Global Edition

GBN talks to the ‘Secretary of the Year’

8.51am 10th July 2008 - People

Charles de Haan interviews John Hunt, Secretary of The Berkshire GC and current Secretary of the Year.
With acknowledgements to Inside Line club manager newsletter

What the CMAE means to me: John Hunt, Secretary of The Berkshire GC

Hearing the views of a CMAE member is one thing. But when that member is the current Secretary of the Year and is the Secretary of one of the finest golfing venues in the UK, you know they’re worth reading.

John Hunt is responsible for ensuring The Berkshire’s place at the top table for golfing venues around London. This sector of the market is fiercely competitive, because these society customers will pay top dollar for their day’s golf – provided they get commensurate value for their money. That used to mean a well presented course, good food and OK service. Now it means all that, but delivered to much higher standards. Knowing what those standards should be and how to ensure you and your operational team achieves them, especially when your club is at the leading edge, is what makes all the difference between an effective club manager and one that merely copes.

Besides being a founder member, John’s also been on the Board of the CMAE for the last three years, so we asked John what the CMAE has meant to him and for his insights to modern golf club management.

Why did you join the CMAE?
JH: “I joined in 2004 when the CMAE was just starting up. I had felt for some time that the profile of club managers was nowhere, and that was largely because the formalised training wasn’t available. At the time there was the week long Training Programme of the AGCS which was ideal for an introduction to the job, but other than occasional talks from companies at the Golf Meetings, there was nothing in the way of formalised training. The CMAE aimed to offer precisely that, ie. detailed, formalised training, and not just for people in my position, but those in other operational roles at the club as well.”

“If as club secretaries we were going to really raise our profile and be taken seriously by the officers or owners of golf clubs, I felt strongly we needed a qualification that showed anyone we had achieved a standard of excellence in what is a specialised area of management. Now we have the CCM and just like its counterpart in the USA, it’s going to be the mark of distinction for the top flight club manager.”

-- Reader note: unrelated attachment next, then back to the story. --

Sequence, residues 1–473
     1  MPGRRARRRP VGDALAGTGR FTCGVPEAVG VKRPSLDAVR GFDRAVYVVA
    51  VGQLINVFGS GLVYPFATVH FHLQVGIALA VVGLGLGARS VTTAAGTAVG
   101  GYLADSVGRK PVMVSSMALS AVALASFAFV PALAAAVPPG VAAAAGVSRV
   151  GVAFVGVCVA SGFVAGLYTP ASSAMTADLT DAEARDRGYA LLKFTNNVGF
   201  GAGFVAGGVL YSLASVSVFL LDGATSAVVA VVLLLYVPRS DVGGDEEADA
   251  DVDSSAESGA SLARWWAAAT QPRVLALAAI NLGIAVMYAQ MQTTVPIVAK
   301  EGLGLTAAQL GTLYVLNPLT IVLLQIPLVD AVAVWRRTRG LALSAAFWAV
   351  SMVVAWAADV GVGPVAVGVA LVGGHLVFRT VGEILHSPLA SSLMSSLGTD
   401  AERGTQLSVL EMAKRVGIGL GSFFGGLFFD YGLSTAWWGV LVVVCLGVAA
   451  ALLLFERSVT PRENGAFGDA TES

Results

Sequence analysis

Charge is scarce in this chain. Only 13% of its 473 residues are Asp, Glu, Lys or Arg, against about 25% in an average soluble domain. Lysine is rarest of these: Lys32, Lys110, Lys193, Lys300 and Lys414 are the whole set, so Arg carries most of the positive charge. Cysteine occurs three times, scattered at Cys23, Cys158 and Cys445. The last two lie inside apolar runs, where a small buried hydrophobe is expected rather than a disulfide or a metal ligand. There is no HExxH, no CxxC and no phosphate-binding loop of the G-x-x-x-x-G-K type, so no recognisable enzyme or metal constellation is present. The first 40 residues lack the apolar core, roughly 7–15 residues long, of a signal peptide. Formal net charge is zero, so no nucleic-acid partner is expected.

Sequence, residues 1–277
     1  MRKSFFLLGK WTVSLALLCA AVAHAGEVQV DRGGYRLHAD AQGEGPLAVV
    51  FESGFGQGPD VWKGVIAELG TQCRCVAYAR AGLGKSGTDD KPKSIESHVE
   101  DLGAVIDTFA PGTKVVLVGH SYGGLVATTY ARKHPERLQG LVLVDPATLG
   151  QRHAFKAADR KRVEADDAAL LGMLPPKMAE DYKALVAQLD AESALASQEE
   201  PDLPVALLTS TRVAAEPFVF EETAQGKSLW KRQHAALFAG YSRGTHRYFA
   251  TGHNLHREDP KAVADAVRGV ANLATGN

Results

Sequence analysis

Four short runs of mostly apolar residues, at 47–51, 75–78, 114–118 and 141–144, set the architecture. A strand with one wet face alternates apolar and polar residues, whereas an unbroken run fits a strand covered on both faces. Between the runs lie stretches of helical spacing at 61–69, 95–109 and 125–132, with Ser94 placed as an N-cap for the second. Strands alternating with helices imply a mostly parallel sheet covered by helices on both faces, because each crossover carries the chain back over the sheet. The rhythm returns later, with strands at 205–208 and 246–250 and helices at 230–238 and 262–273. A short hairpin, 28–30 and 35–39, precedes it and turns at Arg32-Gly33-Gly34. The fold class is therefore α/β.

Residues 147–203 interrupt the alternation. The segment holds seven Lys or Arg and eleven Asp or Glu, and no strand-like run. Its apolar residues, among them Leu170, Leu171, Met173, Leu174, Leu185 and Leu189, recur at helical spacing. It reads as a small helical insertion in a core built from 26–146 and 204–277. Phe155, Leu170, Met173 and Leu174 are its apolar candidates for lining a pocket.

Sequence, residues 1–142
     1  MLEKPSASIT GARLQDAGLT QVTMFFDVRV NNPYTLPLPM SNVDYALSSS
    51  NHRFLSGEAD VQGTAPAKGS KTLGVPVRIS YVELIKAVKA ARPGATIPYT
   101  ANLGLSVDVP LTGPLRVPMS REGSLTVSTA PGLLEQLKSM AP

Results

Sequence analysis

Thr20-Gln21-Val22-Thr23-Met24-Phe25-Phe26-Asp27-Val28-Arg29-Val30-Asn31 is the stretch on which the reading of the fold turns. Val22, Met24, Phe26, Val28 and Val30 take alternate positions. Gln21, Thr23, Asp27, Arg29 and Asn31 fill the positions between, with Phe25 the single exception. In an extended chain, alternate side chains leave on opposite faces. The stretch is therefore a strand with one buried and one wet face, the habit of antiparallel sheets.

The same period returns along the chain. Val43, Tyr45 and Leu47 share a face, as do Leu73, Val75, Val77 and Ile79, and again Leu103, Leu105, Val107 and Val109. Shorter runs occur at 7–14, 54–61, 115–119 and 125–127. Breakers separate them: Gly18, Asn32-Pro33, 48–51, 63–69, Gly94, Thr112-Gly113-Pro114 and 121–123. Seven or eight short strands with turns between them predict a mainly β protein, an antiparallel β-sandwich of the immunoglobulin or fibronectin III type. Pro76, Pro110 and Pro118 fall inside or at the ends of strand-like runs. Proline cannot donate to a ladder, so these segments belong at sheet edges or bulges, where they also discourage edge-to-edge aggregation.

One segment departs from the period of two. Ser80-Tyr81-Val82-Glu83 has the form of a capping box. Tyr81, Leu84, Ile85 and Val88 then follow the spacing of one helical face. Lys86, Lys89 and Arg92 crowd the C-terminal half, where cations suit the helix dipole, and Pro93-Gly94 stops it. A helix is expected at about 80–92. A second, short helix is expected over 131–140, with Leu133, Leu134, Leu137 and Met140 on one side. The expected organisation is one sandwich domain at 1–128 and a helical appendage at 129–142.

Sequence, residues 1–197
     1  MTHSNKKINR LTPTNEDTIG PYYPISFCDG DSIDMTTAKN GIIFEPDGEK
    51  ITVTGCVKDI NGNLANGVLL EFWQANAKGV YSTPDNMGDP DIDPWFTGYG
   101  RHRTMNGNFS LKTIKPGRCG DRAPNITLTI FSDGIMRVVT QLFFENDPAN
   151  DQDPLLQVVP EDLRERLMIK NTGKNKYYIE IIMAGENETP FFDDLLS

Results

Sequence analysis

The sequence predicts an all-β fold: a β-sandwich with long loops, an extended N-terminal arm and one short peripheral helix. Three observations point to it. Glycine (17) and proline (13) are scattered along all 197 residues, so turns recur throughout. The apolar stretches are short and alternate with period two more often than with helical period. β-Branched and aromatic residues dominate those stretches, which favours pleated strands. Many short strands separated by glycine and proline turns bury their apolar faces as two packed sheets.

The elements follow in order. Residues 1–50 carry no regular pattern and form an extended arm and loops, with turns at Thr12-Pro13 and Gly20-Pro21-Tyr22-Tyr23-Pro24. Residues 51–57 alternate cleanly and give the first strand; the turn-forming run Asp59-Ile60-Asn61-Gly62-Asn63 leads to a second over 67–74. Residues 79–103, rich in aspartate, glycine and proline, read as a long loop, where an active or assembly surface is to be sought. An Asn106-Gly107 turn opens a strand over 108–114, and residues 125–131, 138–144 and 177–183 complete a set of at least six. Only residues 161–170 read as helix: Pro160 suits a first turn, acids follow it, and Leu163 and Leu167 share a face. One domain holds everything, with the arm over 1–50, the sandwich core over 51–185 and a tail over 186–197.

What has the CMAE done for you?
JH: “It’s given me a much wider view of club management. The US has long lead the way in the service industry, and is constantly setting standards that everyone else talks about. Because of the direct relationship with its US counterpart, the CMAE is better placed to show me what those standards are and how to achieve them.”

“So I’ve now been to three World Conferences, I’ve visited clubs in the US and met their managers, and learned a lot from them and the way they do things there. With all that and the education in club management from the CMAE’s specialists, I’ve improved the standards of my own club’s service levels.

Training for the team
“But it’s not so much what the CMAE has done for me, as what it’s done for my team at The Berkshire. I made sure The Berkshire joined as a corporate member, because I wanted to ensure that other key staff at the club would benefit as well from the formal introductory training and refresher training. So both my Chief and Deputy Stewards have been over to the US, and done two specialist education packages at Elmwood College in St Andrews over here. I’ve also arranged an exchange visit with the Loch Lomond club, and my Course Manager and Head Chef have been on CMAE training courses.

The value of real networking
“Networking is very important, and with the CMAE I’ve had the opportunity to go to the top London clubs to see how they do it, and how I can raise the bar for my own club. And I’ve been on the week long BMI, run over here by the US training specialists. It’s 8am to 5pm for five days, and not only do you get the latest in club management thinking, but with a 50-50 mix of US and European club managers, you benefit from a tremendous sharing of experience and wisdom from very different perspectives.

“And with the European club manager organisations now on board, it’s widening the scope to an even greater extent.”

So why should a club manager join the CMAE?
JH: “The CMAE offers a great deal to anyone who wants to be a really effective club manager. If you’re not a member of the CMAE, and you want to be serious about your career, your staff’s training, and your ability to shape your golf club’s future in a very challenging market, you need to join. Because in the near future, it’s going to be very simple: if you’ve got the CCM, you’ll get the interviews and the job you want. No CCM, and it’ll be no interview and no job.”

Inside Line

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